Without a doubt the avian stars of the area are the White Tailed Sea Eagles. In all we managed to see seven of these awesome birds, plus two Golden Eagles. There are ten nesting pairs on the island at the moment plus immature non breeding birds. Unfortunately the most famous pair who reside on Loch Frisa have failed in their attempt to breed this year. The first chick died in the unseasonally cold weather and the second egg failed to hatch despite the female sitting on it for the best part of sixty days, I think it usually takes less than forty days. Fortunately at least eight of the other pairs are currently successfully raising chicks. The pictures below were taken by me from a boat on beautiful Loch Na Keal and the male Eagle is picking up a fish thrown overboard by the skipper and taking it back to the nest in trees visible about 3/4 of a mile away to feed to the chicks. To say that this was an exciting moment wouldn't do it justice, I really struggled to hold the camera steady in hands that were shaking with excitement. That and the very poor light made it difficult to capture but i'm pleased with what I got. Click on the pictures to enlarge them.




WHITE TAILED EAGLE



















The Isle of Mull is without doubt one of my favourite places. This is how I would like more places to be, places where you don't feel that wildlife takes second place but where you feel it's an equal partner and isn't consigned to reserves and small parcels of habitat surrounded by 'civilisation' and can be seen in places where it chooses to be, not where we choose to place it. I've been lucky enough to go to a lot of locations in the world over the years and the only other place where the feel is the same as Mull is Stewart Island off the southern tip of South Island, New Zealand. Luckily The Isle of Mull is a good deal closer!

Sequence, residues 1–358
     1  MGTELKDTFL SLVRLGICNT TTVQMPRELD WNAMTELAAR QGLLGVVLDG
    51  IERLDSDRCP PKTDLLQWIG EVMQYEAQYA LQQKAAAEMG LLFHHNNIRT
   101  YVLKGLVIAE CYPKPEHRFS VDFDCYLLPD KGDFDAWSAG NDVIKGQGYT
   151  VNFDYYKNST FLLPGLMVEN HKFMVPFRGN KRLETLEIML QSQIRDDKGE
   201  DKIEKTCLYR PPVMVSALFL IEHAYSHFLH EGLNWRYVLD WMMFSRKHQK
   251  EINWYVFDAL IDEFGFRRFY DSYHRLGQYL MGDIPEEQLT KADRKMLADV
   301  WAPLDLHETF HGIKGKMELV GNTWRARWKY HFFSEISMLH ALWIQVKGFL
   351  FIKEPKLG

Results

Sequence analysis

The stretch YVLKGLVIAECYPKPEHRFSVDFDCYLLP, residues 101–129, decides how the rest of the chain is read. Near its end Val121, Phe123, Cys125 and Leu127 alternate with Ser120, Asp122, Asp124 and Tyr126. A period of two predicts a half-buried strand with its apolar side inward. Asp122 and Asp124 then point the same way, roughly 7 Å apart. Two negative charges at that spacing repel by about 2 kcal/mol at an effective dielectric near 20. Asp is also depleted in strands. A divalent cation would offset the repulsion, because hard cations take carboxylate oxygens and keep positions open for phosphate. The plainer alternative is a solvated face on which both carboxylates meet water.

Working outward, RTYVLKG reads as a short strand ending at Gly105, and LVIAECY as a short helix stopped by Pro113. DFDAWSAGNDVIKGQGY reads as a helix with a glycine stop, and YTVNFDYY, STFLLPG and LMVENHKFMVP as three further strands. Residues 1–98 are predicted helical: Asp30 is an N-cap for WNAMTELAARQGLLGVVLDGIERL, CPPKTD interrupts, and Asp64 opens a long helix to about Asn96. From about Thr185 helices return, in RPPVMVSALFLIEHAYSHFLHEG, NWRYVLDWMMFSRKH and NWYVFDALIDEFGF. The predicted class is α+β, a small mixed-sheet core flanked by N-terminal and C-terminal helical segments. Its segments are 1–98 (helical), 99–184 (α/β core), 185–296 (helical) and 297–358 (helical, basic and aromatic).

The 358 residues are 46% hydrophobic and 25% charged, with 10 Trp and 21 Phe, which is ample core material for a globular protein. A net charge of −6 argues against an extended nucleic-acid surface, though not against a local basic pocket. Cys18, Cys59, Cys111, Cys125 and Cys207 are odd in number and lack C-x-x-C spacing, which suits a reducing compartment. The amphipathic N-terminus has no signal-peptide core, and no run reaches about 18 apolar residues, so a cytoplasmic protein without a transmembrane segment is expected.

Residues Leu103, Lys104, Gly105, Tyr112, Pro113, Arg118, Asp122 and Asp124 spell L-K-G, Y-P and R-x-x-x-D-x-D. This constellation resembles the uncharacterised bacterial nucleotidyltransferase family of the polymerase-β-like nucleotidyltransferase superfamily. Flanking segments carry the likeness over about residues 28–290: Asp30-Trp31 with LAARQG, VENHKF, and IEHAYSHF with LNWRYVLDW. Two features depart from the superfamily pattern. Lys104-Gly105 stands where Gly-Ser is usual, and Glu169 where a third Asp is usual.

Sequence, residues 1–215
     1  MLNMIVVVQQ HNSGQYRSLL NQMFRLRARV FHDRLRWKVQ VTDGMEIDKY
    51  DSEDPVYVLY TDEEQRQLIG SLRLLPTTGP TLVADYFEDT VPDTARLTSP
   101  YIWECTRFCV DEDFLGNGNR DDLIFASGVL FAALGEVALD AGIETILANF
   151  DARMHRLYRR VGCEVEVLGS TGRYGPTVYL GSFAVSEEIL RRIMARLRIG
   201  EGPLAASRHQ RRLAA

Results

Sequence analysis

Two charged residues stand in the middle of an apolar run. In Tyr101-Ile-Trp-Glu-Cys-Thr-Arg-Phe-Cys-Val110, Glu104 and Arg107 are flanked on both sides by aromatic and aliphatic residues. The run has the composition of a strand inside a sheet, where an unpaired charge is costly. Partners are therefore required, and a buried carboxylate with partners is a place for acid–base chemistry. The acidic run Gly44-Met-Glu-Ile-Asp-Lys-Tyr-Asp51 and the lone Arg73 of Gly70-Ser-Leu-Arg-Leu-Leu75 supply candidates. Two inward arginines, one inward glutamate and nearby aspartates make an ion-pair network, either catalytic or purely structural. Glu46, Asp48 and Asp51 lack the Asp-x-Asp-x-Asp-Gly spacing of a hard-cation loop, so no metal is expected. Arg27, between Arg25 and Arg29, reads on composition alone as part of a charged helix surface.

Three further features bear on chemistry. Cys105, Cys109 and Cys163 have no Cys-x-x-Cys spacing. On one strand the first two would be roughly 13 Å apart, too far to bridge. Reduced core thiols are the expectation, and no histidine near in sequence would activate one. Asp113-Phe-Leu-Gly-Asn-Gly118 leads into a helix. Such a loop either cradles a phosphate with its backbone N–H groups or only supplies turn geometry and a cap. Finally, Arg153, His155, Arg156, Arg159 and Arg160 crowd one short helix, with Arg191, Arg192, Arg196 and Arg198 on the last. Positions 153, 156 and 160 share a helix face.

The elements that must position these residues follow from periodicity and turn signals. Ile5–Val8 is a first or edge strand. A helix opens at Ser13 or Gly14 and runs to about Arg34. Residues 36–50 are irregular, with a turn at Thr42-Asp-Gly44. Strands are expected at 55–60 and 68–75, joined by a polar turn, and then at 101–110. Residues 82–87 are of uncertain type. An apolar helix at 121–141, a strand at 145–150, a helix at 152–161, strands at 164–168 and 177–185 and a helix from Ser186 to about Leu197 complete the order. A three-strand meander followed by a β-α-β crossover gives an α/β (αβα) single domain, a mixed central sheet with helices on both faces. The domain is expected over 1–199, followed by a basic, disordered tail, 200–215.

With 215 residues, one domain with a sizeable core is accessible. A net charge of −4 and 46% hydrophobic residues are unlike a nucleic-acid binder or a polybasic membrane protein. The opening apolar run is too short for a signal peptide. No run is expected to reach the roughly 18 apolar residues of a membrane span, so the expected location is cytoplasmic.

7 comments:

Steve Sharp said...

Simply stunning Phil,
You really are setting the standard!!
This site is turning out to be a real "must visit" page.
Have been a regular from day one, keep the good work up mate, hopefully I will be able to walk with you one day soon.
Pictures get better and better too!
Bro Steve

Greenie said...

Phil ,
What a fantastic trip . The Otter and WTSea Eagle shots are great . Can well imagine trying to stop shaking with them about .
My Observers Book of Birds Eggs says yes to your Guillemot egg .
Re. the Seals , my thoughts are that the single is an Atlantic Grey and the group are Commons , but don't take that as gospel .
Thanks for taking us on your trip with the great pictures .

Phil said...

Steve, you silver tongued beast! I haven't stopped blushing yet. I'll hand over the twenty quid when I see you on monday...in the meantime get your boots polished mate.

Steve said...

WOW! Mull is one of my favourite places. Haven't been since we had the kids. Can't wait to go back. Your post makes me want to book NOW!! Guillemot is a bridled morph which is scarcer than the common. Love the White Tailed Eagle pics. In fact love the whole post.....now where is my credit card??

Sharon said...

Mull is one of those places where I think everyone has to visit at some time in their lives. Unfortunately I've still not been but after seeing your photos I simply have to go, the sooner the better!
Great shots Phil!

ShySongbird said...

Oh Phil!!! Magical Mull indeed (sorry I missed commenting on your previous post), what an incredible place. I would so like to go there! You describe and illustrate it beautifully.

So many goodies, Seals, WT Eagle and my very favourite bird, (although I have never yet been anywhere where I could see them) Puffins :)

Just wonderful, Phil and I absolutely agree with your sentiments about how places should be.

alan woodcock said...

Phil,Great place,great pics,must go sometime.